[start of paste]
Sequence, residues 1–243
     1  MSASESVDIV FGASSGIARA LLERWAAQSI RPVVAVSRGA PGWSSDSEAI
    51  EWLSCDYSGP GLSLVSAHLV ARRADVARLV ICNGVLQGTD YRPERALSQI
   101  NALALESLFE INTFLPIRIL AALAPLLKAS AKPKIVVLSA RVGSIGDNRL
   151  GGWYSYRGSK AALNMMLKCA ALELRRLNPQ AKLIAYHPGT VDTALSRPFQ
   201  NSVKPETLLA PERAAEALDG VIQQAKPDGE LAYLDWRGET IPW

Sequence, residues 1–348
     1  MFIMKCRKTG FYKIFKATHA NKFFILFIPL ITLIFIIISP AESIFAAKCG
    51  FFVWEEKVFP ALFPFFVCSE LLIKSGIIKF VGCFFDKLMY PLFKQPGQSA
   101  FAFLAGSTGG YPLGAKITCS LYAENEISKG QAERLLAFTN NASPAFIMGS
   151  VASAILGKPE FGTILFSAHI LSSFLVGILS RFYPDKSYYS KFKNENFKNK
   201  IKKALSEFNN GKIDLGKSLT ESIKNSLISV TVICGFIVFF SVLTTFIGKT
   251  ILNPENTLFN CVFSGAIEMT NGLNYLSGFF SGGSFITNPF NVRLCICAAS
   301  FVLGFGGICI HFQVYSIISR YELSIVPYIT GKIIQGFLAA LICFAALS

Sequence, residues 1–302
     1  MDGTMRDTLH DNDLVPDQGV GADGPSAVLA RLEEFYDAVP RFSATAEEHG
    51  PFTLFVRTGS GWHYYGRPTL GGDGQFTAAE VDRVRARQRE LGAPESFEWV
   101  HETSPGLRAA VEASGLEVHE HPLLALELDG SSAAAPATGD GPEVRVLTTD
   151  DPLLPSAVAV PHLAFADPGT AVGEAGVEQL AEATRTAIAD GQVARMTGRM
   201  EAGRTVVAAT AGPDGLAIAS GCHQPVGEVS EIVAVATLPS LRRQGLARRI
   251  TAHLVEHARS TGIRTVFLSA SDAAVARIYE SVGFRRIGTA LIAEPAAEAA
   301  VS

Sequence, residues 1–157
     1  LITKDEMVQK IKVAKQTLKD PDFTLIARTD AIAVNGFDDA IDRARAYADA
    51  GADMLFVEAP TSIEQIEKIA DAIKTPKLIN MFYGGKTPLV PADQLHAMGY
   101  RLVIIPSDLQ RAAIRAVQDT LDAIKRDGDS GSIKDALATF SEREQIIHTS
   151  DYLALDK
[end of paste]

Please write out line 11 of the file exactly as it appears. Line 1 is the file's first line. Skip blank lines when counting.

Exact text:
   151  VASAILGKPE FGTILFSAHI LSSFLVGILS RFYPDKSYYS KFKNENFKNK